Case Study 43 Choledocholithiasis
T.B. is a 65-year-old retiree who is admitted to your unit from the emergency department (ED). On arrival you note that he is trembling and nearly doubled over with severe abdominal pain. T.B. indicates that he has severe pain in the right upper quadrant (RUQ) of his abdomen that radiates through to his mid-back as a deep, sharp boring pain. He is more comfortable walking or sitting bent forward rather than lying flat in bed. He admits to having had several similar bouts of abdominal pain in the last month, but “none as bad as this.” He feels nauseated but has not vomited, although he did vomit a week ago with a similar episode. T.B. experienced an acute onset of pain after eating fish and chips at a fast-food restaurant earlier today. He is not happy to be in the hospital and is grumpy that his daughter insisted on taking him to the ED for evaluation. After orienting him to the room, call light, bed controls, and lights, you perform your physical assessment. The findings are as follows: he is awake, alert, and oriented (AAO) \3, and he moves all extremities well (MAEW). He is restless, is constantly shifting his position, and complains of (C/O) fatigue. Breath sounds are clear to auscultation (CTA). Heart sounds are clear and crisp, with no murmur or rub noted and with a regular rate and rhythm (RRR). Abdomen is flat, slightly rigid, and very tender to palpation throughout, especially in the RUQ; bowel sounds are present. A sharp inspiratory arrest and exclamation of pain occur with deep palpation of the costal margin in the RUQ (positive Murphy’s sign). He reports light-colored stools for 1 week. The patient voids dark amber urine but denies dysuria. Skin and sclera are jaundiced. Admission vital signs (VS) are 164/100, 132, 26, 36° C, SaO2 96% on 2 L of oxygen by nasal cannula (O2/NC).
What structures are located in the RUQ of the abdomen?
The primary structures that are located in the RUQ are the Liver and the Gallbladder. Other structures included are sub-structures of the afore mentioned, the ones worth mentioning for this case questions given the patients condition are the common bile duct and the duodenum.
Which of the above mentioned organs are palpable in the RUQ?
Most if not all of the normal liver is concealed by the right rib cage and is beyond the feel of a examiner's hand. The normal liver is smooth, with no irregularities. When the liver can be felt, it is usually due to: (1) increased diaphragmatic descent; (2) presence of a palpable caudate or Riedel's lobe; (3) presence of emphysema with an associated depressed diaphragm; (4) thin body habitus with narrow thoracic cage; (5) fatty infiltration (enlarged with rounded edge); (6) active hepatitis (enlarged and tender); (7) cirrhosis (enlarged with nodular irregularity); or (8) hepatic neoplasm (enlarged with rock-hard or nodular consistency). The Gallbladder is palpable using the Murphy's technique and can help determine both cholecystitis and or choledocholithiasis.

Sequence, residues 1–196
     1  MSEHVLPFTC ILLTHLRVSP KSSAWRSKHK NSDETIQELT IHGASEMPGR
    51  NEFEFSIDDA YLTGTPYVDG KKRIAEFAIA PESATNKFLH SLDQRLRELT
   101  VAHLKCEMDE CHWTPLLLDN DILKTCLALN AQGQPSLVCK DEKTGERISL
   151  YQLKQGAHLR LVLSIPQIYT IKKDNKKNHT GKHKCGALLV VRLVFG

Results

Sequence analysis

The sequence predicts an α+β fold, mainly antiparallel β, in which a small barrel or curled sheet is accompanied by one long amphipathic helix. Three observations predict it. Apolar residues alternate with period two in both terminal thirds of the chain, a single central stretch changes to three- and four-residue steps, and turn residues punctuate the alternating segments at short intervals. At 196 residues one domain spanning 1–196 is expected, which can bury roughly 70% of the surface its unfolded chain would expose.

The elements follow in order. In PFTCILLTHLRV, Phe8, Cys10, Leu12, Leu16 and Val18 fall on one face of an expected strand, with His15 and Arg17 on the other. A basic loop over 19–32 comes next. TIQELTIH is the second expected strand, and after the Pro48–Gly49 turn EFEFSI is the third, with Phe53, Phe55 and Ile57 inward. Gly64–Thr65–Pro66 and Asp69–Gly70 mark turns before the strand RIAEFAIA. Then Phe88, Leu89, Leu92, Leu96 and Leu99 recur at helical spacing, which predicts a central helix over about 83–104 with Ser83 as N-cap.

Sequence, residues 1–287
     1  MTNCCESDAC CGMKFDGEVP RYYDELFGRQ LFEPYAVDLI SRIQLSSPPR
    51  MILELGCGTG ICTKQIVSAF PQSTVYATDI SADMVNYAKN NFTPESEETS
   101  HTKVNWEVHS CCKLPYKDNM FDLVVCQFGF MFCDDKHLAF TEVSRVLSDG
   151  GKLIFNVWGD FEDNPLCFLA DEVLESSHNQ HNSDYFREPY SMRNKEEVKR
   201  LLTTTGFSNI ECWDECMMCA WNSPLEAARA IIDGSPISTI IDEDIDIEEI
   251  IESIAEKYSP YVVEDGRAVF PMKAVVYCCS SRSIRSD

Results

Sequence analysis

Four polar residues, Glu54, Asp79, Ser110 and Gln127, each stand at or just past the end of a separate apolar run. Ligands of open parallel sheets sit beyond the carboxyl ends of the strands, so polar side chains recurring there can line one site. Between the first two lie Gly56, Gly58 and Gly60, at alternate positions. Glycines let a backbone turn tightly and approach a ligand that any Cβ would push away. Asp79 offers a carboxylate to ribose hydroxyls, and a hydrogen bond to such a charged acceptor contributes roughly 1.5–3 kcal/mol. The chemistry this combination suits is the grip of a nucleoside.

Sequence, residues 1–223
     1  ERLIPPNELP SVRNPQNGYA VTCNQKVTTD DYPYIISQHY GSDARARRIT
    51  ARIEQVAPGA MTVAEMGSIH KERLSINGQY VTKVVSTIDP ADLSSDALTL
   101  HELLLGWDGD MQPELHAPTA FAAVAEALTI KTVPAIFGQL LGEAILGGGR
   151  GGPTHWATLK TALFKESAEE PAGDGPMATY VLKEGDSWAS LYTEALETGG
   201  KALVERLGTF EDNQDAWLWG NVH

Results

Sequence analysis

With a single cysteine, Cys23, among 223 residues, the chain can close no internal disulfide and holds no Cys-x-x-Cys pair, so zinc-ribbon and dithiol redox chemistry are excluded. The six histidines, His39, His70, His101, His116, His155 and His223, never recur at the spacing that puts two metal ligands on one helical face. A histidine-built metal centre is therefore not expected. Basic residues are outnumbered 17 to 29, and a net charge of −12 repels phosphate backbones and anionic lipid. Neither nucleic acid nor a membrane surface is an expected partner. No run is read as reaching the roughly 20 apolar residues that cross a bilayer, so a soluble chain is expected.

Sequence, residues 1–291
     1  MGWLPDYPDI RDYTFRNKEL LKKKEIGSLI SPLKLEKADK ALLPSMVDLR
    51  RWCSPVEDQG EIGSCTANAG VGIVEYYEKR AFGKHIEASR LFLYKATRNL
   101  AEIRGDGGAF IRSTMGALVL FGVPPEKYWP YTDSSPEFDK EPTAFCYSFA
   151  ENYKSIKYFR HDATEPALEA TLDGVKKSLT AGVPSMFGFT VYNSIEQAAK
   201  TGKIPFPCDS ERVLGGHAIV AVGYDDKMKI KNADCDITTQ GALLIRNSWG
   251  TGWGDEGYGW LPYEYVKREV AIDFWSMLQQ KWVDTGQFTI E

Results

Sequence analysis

CASE STUDY PROGRESS
T.B.’s abdominal ultrasound (US) demonstrates several retained stones in the common bile duct (CBD) and a stone-filled gallbladder. T.B. is admitted to your floor, NPO status, and is scheduled to undergo an endoscopic retrograde cholangiopancreatogram (ERCP) that afternoon. While the patient is sedated, the ERCP scope is inserted through the mouth and extends past the stomach to the outlet of the CBD, the ampulla of Vater. Typically this muscle will be cut to widen the opening and outflow of the CBD, a procedure called a sphincterotomy. This allows the bile and stones (cholesterol or pigmented) to flow out into the small intestine.
Given T.B.’s diagnosis, what laboratory values would be important to evaluate?
A liver function blood test should be ordered for T.B. because it can show an elevation in bilirubin and serum transaminases. Other indicators include raised indicators of ampulla of vater (pancreatic...
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